On success, failure and ‘the scene’.
This Gamasutra article just kind of makes me angry. I should learn not to care: gamasutra.com/view/feature/1…
— Jonathan Blow (@Jonathan_Blow) June 29, 2012
The above tweet about a Gamasutra Postmortem set off a bit of a discussion that I’ve been following with great interest. The postmortem discusses a game called Monkey Labour and how it sold seven units in total. A similar discussion happened a few weeks ago, when Andy Moore released Ice Burgers – a game he created in about a week, that moved on to do absolutely disastrous in terms of money.
A while ago, in an interview I argued that ‘indie games’ as a scene might be heading towards a bit of a ‘personality crisis’. On one hand, we have the increasingly polished and qualitative titles like Fez, Super Meat Boy, Braid and the upcoming Spelunky. These are all games that have had a production cycle of at least two years and required relatively monstrous amounts of resources. The result is a beautiful, finely tuned game.
On the other hand, you have tiny games like Glitch Tank, zaga-33, Ice Burgers and pretty much everything on Terry Cavanaghs freeindiegam.es repository or the Glorious Trainwrecks compilation. These games are raw, tend to be somewhat more exploratory or experimental. Some of them are good, some of them not so much & a lot of them are horribly bad. Most of them don’t make money, but then some of them do.
Three years ago I was unaware of most of the independent scene. The things I cooperated on were polished, commercially released games that, if things went smoothly, took six to twelve months to develop. When I first met my fellow Vlambeer, Jan Willem Nijman, we instantly disliked eachother. JW created what were – in my mind – crappy prototypes that would never have any value beyond a tiny niche and prided himself in creating those games in three hours. I like to think that in his mind I probably created things that were overly complex and ugly and mainstream.
It took a mutual dislike of our university to get us to start talking to each other. I showed him my work and what kind of things polish and some sense of business can add to a game. Jan Willem showed me dozens of prototypes he made, some of which he made in three hours. He showed me Strangers, The Gutter, If You Really Want It You Can Fly and Pro Killer Man and about three dozen of similar platform shooters. These ideas were rough and the execution was quite often terrible, but they had something to them I had never seen in games before. I was intrigued.
So when the time came for big choices, we decided to drop out of university, team up my business & development background with his design background and properly execute a prototype called ‘Crates From Hell’. Until that moment, I had grown to only play games like Evochron Alliance, Metal Gear Solid and Mass Effect. Back in 2008, 2009, the only indie games anyone would ‘incidentally’ run into were Braid, World of Goo and Castle Crashers. I had never heard of TIGSource, IndieGames.com or The Poppenkast. I made games and games make money. That was that.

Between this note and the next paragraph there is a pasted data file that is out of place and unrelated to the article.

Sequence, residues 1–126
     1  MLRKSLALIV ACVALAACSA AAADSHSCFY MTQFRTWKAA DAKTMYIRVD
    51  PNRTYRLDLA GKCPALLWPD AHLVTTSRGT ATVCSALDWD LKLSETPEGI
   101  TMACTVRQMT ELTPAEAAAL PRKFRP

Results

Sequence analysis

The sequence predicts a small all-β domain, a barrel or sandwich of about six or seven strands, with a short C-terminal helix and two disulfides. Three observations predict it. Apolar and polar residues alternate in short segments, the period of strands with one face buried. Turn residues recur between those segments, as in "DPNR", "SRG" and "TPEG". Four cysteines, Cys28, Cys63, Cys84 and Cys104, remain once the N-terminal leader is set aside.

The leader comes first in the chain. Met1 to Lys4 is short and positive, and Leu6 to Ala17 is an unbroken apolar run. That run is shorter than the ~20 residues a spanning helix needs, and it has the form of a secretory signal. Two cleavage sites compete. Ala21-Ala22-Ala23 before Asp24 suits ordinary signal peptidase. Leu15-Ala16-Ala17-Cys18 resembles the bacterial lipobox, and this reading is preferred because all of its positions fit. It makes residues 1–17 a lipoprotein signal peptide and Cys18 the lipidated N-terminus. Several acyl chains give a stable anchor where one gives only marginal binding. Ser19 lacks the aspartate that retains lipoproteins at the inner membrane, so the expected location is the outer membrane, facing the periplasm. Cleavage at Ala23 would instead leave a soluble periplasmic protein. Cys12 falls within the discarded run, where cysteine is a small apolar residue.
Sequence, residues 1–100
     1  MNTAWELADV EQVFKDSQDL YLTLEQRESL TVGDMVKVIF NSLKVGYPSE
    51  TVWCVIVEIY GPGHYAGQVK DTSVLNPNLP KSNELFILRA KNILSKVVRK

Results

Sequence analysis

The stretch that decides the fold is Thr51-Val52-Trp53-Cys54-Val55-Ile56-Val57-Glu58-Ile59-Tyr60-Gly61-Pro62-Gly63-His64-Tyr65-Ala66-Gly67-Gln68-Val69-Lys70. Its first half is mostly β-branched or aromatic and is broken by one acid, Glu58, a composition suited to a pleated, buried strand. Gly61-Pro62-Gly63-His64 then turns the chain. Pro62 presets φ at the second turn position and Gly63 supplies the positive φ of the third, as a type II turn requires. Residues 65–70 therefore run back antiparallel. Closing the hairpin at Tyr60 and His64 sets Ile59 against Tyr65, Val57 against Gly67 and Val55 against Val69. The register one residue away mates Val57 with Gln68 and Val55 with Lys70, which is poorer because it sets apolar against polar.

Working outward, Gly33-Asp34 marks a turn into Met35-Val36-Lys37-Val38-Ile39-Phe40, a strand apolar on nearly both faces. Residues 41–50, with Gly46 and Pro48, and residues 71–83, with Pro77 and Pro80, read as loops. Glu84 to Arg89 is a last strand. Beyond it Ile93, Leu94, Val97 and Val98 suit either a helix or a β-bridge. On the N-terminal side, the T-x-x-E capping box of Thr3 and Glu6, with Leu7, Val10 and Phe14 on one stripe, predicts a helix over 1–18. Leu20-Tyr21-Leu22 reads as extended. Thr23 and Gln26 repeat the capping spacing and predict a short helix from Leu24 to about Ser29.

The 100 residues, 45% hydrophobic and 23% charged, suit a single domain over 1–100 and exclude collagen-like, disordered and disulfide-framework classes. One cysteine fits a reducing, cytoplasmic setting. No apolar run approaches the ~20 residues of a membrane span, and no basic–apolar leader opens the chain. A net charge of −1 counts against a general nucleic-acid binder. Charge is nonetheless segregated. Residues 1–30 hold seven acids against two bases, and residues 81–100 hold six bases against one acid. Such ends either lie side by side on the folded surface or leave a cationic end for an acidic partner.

Through starting Vlambeer, I was rapidly introduced to the many wonders of the indie scene. I had never heard of Cave Story, nor had I never played Flywrench, Nikujin, Space Funeral or Hero Core. They took me a lot of time to get into, but when I did they were all great games. I simply wasn’t completely convinced that these games had any impact on the world. They were amazing, but they felt inaccessible, unwieldy and unpolished.
When ‘Crates from Hell’ – which had been renamed to ‘Super Crate Box’ – was nominated for an Independent Games Festival award, the two of us at Vlambeer headed for San Francisco and I got to talk to all those amazing people working on games like these. Their goals in making games were so divergent and their methods for making them were as diverse as they were personal. More impressively, these people were inspiring each other with discussions, talks, 3 hour prototypes and game jams.
Working at Vlambeer for two years made me realize that, commercially seen, a lot of games are silly, strange and inaccessible. Some aren’t even ‘good’ in any sense of the word. Most of those won’t make money, or just enough to keep going. But nevertheless, these people were not taking the easy way out.
That’s why I fell in love with the indie scene. There’s room for every type of expression, for every type of game and there’s room to experiment with business models or without them. There’s room for people to make mistakes and learn from them – even though any aspiring indie developer can avoid many of those mistakes just by talking to other developers.
In my mind, there’s some value in every game that’s made. There’s value in any post-mortem posted online. There’s a lesson for everyone in every failure. There’s room for quality games and crappy games. There’s room for game jams and depth jams. There’s room for yet another Game Maker platform shooter and there’s room for Antichamber. There’s room for the business-savvy and room for those who are not. There’s room to try if a Minecraft will sell & there’s room to release a Cave Story or any other high-quality game for free. And when all is said and done, there’s the willingness to share experiences and to discuss and learn.
More than the games or the people, that mentality is what defines the scene for me.